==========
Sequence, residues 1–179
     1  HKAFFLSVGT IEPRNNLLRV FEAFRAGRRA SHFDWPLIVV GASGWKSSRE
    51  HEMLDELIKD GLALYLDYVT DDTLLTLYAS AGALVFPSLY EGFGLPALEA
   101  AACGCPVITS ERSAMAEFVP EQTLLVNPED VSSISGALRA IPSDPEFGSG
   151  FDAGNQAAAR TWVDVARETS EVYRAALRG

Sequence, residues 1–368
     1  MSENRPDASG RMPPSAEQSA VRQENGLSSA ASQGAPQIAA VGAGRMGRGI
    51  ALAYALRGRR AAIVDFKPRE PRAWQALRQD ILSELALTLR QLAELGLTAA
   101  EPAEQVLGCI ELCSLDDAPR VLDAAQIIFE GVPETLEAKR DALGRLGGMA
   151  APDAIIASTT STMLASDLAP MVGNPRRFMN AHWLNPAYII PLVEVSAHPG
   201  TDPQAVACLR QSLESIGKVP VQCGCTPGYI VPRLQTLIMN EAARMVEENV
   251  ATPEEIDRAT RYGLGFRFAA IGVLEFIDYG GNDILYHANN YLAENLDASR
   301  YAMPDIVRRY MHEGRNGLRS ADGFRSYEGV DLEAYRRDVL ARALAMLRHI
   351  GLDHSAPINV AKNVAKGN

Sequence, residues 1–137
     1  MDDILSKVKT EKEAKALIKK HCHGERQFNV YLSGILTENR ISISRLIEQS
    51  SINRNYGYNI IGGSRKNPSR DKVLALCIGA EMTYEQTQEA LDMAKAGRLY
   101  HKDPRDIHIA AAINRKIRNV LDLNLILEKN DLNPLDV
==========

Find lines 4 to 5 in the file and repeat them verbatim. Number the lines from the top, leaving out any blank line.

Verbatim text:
   101  AACGCPVITS ERSAMAEFVP EQTLLVNPED VSSISGALRA IPSDPEFGSG
   151  FDAGNQAAAR TWVDVARETS EVYRAALRG